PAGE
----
B) Two pieces of thin crust, large, pepperoni = 560 calories, 56 carbs, 28 fat, 24 protein

***This is a tough one here. Even by switching to thin crust and only one fatty meat, you only save 100 calories. You could get a veggie pizza option here, but would the kids eat that? If so, then do that. However, if you have to get one pizza for you and one for the kids, there will likely be leftovers – and we don’t want leftovers sitting around for later. Another option here could be to politely recommend to your spouse/person offering to pick up pizza, to grab a pre-made rotisserie chicken from the grocery store, along with some type of veggie. Saves time, and a ton of calories!***

Just when you thought your diet day from hell was over, juniors tee-ball team is hitting up DQ for Blizzards! You know that ice cream is not on the plan, but you just can’t say no…

A) Small DQ Reese’s Blizzard – 580 calories, 74 carbs, 21 fat, 13 protein

B) Kids Vanilla Cone – 170 calories, 27 carbs, 0 fat, 4 protein

***Another option here is get nothing, enjoy company and your kids, and maybe steal a bite from someones treat. Especially if you are person A in this case, you have had more than your fair share of food for the day. Also notice that Blizzard is a SMALL! 580 calories in a SMALL! Holy crap!***

The day is over. That was crazy. Now I will be the first one to say that neither one of these people had the best day when it comes to food choices. But lets take a look at the daily totals:

A) 3733 calories, 551 carbs, 130 fat, 123 protein (269 grams of sugar)

B) 1873 calories, 214 carbs, 54 fat, 128 protein (76 grams of sugar)

Person B ate at all the same places as Person A, but had almost 2000 fewer calories, 340 less grams of carbs, less than half the fat, and a little more protein!

The power of choice can be huge, especially when it comes to making decisions about what you will eat at some of the less healthy locations out there. It can be done.

Remember, we all fall off the wagon sometimes, it’s not your whole life, it’s only one day. You haven’t thrown everything away ($100 to anyone besides my best friend who gets that reference).

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Stay healthy my friends,

How to Survive a Long Weekend Food Fest, and Still Enjoy Yourself

Overview:

  • Portions still matter, calories still matter
  • Maintain healthy eating patterns
  • Be active, however you can
  • Return to your routine as soon as the trip is over
  • Enjoy your vacation guilt free

Reuben Sandwich with fries, authentic Mexican fajitas + 20 oz. margarita, Denny’s Grand Slam* and Gino’s East – Chicago’s famous deep dish pizza. (*The Grand Slam was custom, more about this later*)

Rueben...

Rueben…

What do all these foods have in common?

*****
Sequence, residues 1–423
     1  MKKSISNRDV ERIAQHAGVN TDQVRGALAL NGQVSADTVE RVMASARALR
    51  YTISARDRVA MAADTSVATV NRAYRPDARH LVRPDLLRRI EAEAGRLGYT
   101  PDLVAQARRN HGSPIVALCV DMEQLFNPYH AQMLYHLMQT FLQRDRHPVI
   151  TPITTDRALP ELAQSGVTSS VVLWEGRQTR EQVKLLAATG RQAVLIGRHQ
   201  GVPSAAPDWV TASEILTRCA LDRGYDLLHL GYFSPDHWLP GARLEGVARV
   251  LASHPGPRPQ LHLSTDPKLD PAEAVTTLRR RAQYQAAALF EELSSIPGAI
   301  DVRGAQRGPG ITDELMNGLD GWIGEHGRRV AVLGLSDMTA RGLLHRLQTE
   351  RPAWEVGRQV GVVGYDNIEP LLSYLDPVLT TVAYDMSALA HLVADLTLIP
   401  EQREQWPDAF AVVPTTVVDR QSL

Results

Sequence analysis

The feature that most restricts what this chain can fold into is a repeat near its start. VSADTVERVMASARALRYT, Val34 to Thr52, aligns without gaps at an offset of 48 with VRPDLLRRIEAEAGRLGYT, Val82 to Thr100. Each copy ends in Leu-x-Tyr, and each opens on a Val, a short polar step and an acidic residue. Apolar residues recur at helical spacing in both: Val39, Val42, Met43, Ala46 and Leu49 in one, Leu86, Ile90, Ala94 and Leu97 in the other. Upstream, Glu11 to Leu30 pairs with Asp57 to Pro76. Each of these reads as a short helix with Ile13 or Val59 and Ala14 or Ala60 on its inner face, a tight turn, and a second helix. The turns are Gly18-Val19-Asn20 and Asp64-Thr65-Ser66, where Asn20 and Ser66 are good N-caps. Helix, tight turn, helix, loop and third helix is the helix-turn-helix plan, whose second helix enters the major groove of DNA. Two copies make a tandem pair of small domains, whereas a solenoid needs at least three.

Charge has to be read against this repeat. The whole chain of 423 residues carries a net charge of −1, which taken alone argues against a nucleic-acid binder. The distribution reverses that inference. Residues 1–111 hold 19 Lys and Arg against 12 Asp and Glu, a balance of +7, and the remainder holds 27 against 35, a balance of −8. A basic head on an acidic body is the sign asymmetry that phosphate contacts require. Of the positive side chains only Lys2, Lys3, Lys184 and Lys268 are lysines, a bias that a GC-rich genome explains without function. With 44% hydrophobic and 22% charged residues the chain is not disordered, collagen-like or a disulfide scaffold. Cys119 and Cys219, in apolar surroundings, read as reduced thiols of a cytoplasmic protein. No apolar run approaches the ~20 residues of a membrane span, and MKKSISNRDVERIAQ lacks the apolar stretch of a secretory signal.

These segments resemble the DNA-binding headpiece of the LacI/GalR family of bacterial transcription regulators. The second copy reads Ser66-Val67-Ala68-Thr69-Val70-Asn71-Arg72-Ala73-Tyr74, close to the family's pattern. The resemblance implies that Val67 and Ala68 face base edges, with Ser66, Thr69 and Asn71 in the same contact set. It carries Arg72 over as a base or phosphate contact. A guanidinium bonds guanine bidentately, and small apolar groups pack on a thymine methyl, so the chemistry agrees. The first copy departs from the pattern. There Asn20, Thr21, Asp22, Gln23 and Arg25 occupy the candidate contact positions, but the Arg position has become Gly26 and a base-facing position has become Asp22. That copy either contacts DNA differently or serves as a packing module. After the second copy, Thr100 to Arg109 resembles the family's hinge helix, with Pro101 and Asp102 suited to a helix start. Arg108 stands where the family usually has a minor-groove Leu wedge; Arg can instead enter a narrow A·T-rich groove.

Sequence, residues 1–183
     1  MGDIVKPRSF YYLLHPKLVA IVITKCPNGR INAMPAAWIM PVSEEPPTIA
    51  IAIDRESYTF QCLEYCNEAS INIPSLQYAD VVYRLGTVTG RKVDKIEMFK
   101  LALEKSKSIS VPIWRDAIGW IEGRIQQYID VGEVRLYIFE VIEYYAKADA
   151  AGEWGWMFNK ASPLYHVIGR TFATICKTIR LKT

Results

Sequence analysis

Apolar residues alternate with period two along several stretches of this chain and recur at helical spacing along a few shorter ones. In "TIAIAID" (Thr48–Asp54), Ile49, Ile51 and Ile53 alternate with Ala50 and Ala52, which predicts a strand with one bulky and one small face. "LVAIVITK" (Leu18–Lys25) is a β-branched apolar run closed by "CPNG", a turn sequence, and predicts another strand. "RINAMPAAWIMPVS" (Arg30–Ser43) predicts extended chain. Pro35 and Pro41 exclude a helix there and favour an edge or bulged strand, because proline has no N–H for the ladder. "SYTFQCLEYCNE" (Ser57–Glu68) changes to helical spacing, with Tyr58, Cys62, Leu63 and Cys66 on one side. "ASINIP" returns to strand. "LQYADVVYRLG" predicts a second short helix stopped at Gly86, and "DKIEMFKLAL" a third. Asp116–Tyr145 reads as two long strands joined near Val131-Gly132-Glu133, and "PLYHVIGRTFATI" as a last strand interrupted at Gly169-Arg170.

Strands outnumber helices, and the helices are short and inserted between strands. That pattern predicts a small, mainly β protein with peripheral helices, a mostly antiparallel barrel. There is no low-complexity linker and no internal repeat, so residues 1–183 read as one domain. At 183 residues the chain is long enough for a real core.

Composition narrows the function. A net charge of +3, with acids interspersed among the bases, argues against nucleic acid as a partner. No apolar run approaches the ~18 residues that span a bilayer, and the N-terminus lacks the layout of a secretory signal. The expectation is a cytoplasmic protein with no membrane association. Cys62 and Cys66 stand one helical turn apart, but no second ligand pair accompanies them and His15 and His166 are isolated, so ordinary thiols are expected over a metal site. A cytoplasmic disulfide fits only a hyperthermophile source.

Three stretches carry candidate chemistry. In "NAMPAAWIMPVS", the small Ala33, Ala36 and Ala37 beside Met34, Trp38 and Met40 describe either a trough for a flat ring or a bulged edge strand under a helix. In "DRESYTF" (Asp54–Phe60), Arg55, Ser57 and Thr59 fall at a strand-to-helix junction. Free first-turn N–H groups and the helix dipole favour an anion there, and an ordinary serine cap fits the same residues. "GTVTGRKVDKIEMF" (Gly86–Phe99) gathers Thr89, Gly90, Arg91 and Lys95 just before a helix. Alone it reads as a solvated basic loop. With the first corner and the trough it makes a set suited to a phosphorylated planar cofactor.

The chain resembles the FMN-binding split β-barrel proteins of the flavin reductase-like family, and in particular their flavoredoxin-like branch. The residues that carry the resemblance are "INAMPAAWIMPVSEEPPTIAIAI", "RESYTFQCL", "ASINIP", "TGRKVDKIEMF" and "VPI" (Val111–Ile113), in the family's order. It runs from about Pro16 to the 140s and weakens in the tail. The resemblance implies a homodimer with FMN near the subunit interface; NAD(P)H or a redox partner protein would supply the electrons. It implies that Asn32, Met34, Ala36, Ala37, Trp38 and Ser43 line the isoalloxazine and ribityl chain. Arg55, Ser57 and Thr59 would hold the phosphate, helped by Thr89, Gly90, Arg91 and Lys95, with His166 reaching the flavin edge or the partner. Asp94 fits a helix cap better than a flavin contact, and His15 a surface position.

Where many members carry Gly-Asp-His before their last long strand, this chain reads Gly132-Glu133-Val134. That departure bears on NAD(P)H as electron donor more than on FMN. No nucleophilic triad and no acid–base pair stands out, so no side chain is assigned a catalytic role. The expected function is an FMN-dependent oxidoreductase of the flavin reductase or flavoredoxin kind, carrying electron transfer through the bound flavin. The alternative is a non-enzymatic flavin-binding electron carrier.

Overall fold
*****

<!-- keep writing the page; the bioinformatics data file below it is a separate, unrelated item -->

I consumed them all this past weekend on my road trip to Cedar Point (the rollercoaster capital of the world) with my lovely fiancée, Amanda. You know what also rocks? After just one day of being back, my weight was right back to where it was before I left. (I’m not a huge fan of the scale, but I weighed myself purposely before the trip because I wanted to prove this point)

Fajitas...

Fajitas…

Now before you think I am trying to rub it in your face and brag about how much crap I ate, let me make it perfectly clear that I sorta am. That may sound harsh, but at the same time I want it to. I want to get rid of this notion that you have to starve yourself, forgo enjoying foods that you want to enjoy, and make all these terrible sacrifices while going on what is supposed to be a fun, and enjoyable vacation.

This being said I also want to make two very clear points:

  1. I am not overweight, obese, or really trying to lose weight right now. However, I do not want to gain weight either with my wedding coming up in 5 months (HOLY S#!T)
  2. I realize how hard it is to lose weight, I know that it is not easy, and I know this post may come off as offensive to people who really struggle with their weight. I work with people every day who struggle with their weight and body image. I was once there. I was once 260 lbs. (45 more than I am now) and I lost it and kept it off now for over 6 years.

20 oz...

20 oz…

In no way do I mean to offend, rather, I want to help people regain control of their lives without obsessing over food while trying to enjoy their lives.

Now, how the hell did I consume this food, along with riding in a car for 14 hours over the weekend, and not gain a single fraction of a pound? This is where the magic happens…

First off, go back to the word: vacation. This should be a time of enjoyment, relaxation and plenty of fun. It doesn’t mean pure gluttony. The foods I listed at the start may sound like pure gluttony, however I will argue they were purely part of the vacation. The follow-up to that reasoning would be; how are those foods not gluttony?

Gino's East...pure enjoyment, only 350 cals per slice!

Gino’s East…pure enjoyment, only 350 cals per slice!

This brings me to point numero uno:

1) Maintain Portion Control and At Least Match Calorie Goals

Yes I ate some less than “healthy” foods, but no I did not eat ONLY those foods nor did I eat ridiculous quantities of those foods. Here are the quantities of the foods I ate: